THE RIP POST: This
is the only album Ičve ever encountered that has the word,
"cataleptic," in a song ("Knock This Gulag Down 1"). First, what
in hell does "cataleptic" mean, and second, did you have trouble
MR. SMOLIN: Catalepsy is a form of
seizure that induces both unconsciousness and rigidity.
'Cataleptic' would be the adjectival form then, innit?
For me, the adjective 'cataleptic' aptly describes the mentality
of religious fundamentalists whose agenda of spiritual
imperialism poses a very real and growing threat to human
civilization. To accomplish their desired vise-grip on the minds
of all living persons, these zealots require adherents who are
unconscious and rigid and who do what they're told. A global
goon squad. The choir invisible and its ministry of cataleptic
voices. They long for a world in regress. They embrace the
retrograde. The Endarkenment. The planet's spreading deserts are
not just GEOlogical; they are IDEOlogical as well. I mean,
you're talking about people whose idea of Paradise is an
Absolute Monarchy. I could have called them 'brainwashed
zombies' in the song, but 'cataleptic voices' worked better
RP: Yowzah! Say hallelujah! Well,
you nailed that one. . .Continuing this theme, the vocabulary on
"The Crumbling Empire of White People" and the imagery and the
rhyme scheme and the poetry is not the kind of stuff that lends
itself to humming and skipping. Or does it? It is also the kind
of thing that should force the listener to sit down and read and
think. Your aim?
MR. SMOLIN: I spent my childhood
listening to AM pop radio, and the importance of catchy,
earworm-type melodies is deeply imprinted in my creative
make-up. I do in fact try to write tunes that people will find
themselves singing in the shower or while washing the dishes or
waiting for a red light to change, the sort of ditty that's in
your head when you wake up in the morning or when you're walking
home from school or thinking about your current crush or
watering the lawn.
When composing, I devote MUCH more time to melody than I do to
lyrics. I LOVE melody, real melody, melody that has a life
beyond the progression. A lot of modern songwriters, I'm talking
excellent, much respected artists, engage in a compositional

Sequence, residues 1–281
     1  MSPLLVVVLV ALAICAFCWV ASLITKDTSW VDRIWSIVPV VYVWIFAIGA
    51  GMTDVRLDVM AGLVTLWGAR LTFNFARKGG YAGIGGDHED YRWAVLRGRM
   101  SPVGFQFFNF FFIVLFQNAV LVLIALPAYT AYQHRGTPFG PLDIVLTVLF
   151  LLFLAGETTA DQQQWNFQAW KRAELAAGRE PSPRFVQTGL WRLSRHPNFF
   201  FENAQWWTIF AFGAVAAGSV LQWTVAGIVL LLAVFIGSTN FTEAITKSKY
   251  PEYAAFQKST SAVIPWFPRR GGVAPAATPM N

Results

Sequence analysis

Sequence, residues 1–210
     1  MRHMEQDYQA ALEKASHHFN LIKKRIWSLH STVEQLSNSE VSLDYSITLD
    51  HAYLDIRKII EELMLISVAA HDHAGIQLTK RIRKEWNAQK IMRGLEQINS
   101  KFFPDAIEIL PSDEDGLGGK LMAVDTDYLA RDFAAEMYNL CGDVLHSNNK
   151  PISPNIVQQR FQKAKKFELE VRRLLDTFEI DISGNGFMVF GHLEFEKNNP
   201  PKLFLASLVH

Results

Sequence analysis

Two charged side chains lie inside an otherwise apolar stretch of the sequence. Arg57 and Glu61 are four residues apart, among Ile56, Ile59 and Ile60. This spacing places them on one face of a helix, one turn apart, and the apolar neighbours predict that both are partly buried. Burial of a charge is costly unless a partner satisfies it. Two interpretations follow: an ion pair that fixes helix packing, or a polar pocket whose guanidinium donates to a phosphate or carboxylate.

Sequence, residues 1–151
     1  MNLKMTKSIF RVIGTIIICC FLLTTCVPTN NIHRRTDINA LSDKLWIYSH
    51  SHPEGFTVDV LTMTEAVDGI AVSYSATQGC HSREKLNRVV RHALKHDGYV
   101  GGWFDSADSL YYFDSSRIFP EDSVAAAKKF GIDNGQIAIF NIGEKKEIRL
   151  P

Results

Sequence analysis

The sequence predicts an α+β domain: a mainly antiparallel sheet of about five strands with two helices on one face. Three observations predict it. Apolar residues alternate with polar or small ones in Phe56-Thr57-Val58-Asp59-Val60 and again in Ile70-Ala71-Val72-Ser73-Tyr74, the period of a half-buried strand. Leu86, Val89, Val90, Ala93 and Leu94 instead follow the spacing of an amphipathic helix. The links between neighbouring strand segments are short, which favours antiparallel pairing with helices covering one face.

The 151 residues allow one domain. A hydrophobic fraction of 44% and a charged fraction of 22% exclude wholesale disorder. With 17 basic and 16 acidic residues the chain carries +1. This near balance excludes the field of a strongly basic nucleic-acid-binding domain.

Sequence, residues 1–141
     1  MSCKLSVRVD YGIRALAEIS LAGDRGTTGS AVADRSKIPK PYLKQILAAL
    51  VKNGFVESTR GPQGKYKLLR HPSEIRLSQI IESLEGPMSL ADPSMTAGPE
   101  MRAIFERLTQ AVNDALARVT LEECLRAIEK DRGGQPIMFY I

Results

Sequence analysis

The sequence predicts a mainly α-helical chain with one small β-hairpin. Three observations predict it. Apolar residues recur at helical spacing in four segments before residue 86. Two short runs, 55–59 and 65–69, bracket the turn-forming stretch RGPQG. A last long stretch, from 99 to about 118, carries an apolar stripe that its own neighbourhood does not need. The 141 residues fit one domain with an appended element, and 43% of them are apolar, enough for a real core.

practice that I term "singing along with chords," a melodic
structure that's sort of lifeless and lazy and though it might
have isolated sparkles of wonder never really establishes a
total and coherent beauty, one that would still be there without
the ultra-hip chords and unusual voicings underneath.
RP: I know just what you mean. It's
the kind of music that makes me think guitars should be
licensed. I mean, you don't let a veterinarian build a house.
But please continue. . .
MR. SMOLIN: That said, I am, of
course, also passionate about language, and so, yes, my lyrics
can be complex and dense and consciously poetic. I'm drawn to
assonance, internal rhymes, unexpected juxtapositions, puns,
high-brow and low-brow allusions erupting in the same line, and
little crystalline aphorisms. I strive to communicate emotion
and idea in a package that is both humorous and illuminating.
RP: "The Crumbling Empire of
White People." Please explain the title. Given what I see in
Washington, D.C., the empire is very white and hardly crumbling.
And that includes Condi "White" Rice.
MR. SMOLIN: Oh, it's crumbling,
RP: Don't call me 'dude,' white
MR. SMOLIN: (unfazed) What you see in
Washington, D.C. are the last emperors, floating on a debt
bubble and trying to avoid for as long as possible the economic
collapse and environmental catastrophe that will ultimately do
them in. But, to be clear, the title of the album does not refer
specifically to American white people but to all descendants of
the fair-skinned tribes that descended from the Caucasus
Mountains around 2,500 B.C. and spread their culture and